Docker Details You Need to Know

DOCKER! (and containers)

Docker’s visibility in the container space is around that of Microsoft in the OS space. As an example, Docker pops its head up here in a 451 Group commentary: “Docker and containers continue to gain attention and adoption in the enterprise. Just as we saw with OpenStack, the Docker and container ecosystem is marked by the presence of well-established giants as well as startups, which makes the space fertile ground for mergers and acquisitions. We anticipate significant consolidation this year, and given early involvement from large players, we may see container M&A accelerate when the first big deal occurs.” The underlines are mine. So it’s not just that “containers continue” or that the “container ecosystem is marked” but that “Docker and containers” are doing this and marked by that.

Yes, Docker is big, flashy, and making a lot of noise. But that alone is not enough that it should play a key role in containers, such as helping to grow the potential for M&A in the space. Here are some Docker facts beyond the flash and hype together with a discussion of when Docker use is not indicated.

Docker History

Containers, which stand on the shoulders of VMs to some degree started with LXC and continue with it today in Linux. Many hands have touched the developing LXC technology over the years. What eventually became the Docker of today was the result of years of building up a large toolset / tool chain from experience and expertise in using LXC to run developer apps at scale in the cloud, according to Kowsik Guruswamy, CTO, Menlo Security.

“They became Docker and then released the tool chain, so really from a hierarchy perspective at the bottom you have Linux containers and then Docker built a set of really, incredibly easy to use and sharable sort of tools targeted at developers on top of Linux containers. They also added a marketplace where developers can share these snapshots of containers,” says Guruswamy.

As a result, many refer to Docker technology as containers and Docker has earned that privilege by creating and releasing additions and improvements to that tool chain that many developers find indispensable.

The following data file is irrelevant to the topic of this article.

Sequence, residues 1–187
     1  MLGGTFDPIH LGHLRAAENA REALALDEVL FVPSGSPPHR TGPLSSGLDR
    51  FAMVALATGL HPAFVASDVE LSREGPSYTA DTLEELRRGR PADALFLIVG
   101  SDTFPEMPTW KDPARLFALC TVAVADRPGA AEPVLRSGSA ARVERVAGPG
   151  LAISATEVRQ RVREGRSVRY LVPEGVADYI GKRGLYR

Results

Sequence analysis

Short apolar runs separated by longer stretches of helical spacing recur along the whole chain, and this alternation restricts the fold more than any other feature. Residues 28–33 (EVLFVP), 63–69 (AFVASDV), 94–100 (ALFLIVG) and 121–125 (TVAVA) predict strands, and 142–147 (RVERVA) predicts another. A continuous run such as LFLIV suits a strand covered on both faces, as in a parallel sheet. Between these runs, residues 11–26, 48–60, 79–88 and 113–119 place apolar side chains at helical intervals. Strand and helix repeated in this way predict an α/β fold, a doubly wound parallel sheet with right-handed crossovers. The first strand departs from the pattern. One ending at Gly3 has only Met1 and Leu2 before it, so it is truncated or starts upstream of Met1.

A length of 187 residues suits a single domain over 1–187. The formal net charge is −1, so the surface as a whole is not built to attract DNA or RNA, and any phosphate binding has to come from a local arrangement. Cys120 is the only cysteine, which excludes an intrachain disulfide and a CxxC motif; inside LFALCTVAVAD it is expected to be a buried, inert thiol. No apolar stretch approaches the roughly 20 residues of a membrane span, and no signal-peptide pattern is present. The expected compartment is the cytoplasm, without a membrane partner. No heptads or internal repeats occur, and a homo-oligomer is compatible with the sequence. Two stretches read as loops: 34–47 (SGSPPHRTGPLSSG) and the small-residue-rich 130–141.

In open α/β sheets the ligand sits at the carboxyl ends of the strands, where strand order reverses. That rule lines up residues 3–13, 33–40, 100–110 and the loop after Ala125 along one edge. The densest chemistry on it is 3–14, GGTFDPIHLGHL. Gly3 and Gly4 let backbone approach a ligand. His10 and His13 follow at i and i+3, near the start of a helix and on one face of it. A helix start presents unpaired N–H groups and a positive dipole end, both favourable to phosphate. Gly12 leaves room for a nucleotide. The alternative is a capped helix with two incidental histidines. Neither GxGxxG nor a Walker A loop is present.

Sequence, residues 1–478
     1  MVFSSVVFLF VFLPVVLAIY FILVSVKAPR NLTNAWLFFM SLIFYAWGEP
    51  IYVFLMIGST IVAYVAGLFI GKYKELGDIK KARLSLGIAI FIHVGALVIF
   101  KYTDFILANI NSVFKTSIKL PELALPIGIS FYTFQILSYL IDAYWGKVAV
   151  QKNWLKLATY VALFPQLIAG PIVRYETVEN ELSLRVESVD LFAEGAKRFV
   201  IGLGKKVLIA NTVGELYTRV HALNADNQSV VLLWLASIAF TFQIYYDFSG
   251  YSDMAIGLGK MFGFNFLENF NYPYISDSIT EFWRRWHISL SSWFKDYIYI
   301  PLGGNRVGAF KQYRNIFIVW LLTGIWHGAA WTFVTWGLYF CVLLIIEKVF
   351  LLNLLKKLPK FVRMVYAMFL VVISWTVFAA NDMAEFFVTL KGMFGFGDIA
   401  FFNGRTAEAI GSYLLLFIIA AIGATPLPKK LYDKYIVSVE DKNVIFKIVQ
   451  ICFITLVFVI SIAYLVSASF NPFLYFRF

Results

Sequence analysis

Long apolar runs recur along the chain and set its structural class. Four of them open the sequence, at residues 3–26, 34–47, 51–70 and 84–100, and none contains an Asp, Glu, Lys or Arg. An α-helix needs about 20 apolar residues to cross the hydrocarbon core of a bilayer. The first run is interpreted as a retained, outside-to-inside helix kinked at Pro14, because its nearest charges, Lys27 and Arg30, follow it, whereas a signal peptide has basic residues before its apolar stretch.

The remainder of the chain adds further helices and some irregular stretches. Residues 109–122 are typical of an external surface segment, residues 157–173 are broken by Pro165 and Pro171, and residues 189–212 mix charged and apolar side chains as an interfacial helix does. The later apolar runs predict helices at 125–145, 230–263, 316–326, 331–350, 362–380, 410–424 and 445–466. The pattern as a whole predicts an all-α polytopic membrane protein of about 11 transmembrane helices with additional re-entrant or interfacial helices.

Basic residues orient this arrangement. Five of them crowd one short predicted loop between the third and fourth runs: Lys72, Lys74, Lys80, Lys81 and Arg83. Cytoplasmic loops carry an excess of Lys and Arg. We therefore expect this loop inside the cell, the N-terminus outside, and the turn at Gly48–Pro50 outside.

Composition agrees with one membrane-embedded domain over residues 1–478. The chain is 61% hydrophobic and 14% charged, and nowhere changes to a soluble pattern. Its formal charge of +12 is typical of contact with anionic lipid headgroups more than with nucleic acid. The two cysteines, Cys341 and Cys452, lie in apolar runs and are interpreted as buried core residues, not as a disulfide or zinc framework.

Considerations When Contemplating Docker Deployment

If your organization is not making drastic changes to its applications, consider whether a Docker investment is worth the effort and risk. “Every new process, which requires new tools and training also creates certain types of issues,” says Stephanie Tayengco, Senior Vice President of Operations, Logicworks. If the enterprise is not routinely converting all its applications to containerization, Docker adoption may not be the best option.

“There are other options than Docker that have more tested security frameworks; for example, configuration management tools such as Puppet and Chef can install packages on the fly as a cloud instance spins up. This is as opposed to a Docker image that must have those packages baked into it,” says Tayengco. Puppet in particular is a smooth tooling transition for organizations sticking to their existing development approaches.

“Docker lacks sufficient tools to depict whether a container is running efficiently,” says Tayengco; “while there are a few Docker orchestration tools on the market, these are mostly untried by enterprise IT departments,” says Tayengco. The ecosystem of third-party Docker vendors including those that enable enterprises to monitor security inside containers more effectively is still young and prone to growing pains, pains that enterprises must mull whether to share in. This will be a concern for the foreseeable future with the software development stage the earliest and most effective for avoiding security vulnerabilities. The increasing speed of maturation of third-party vendors will not soon outpace the maturation rate of threats, whether to containers or otherwise.

Monitoring tools need a deeper, more fine-grained view into transient instances in the public cloud and particularly into sub-virtual machine entities like Docker containers, according to Tayengco, to address these app and container efficiency and security monitoring concerns.

Another area of concern with Docker is in logging. “This is critical for most enterprises due to increasing industry security and compliance concerns,” says Tayengco. It is not trivial nor simple to set up Docker containers to consistently and reliably ship logs to a central repository, as these containers work most efficiently when there is no permanent data store requirement, affirms Tayengco. Most enterprises must have this permanent log data store.

David Geer

David Geer

David Geer’s work has appeared in ScientificAmerican, The Economist Technology Quarterly, CSO & CSOonline, FierceMarkets, TechTarget, InformationWeek, Computerworld, Byte.com, ITWorld.com, IEEE Computer Society’s Computer magazine, IEEE Distributed Systems Online, Government Security News, Laptop, Smart Computing, Technical Support, The Hosting Standard (Canada), TechWorld.com (UK), SIGnature, Processor, and the Engineering News-Record. David served as a technician at CoreComm in Cleveland, OH prior venturing into writing.

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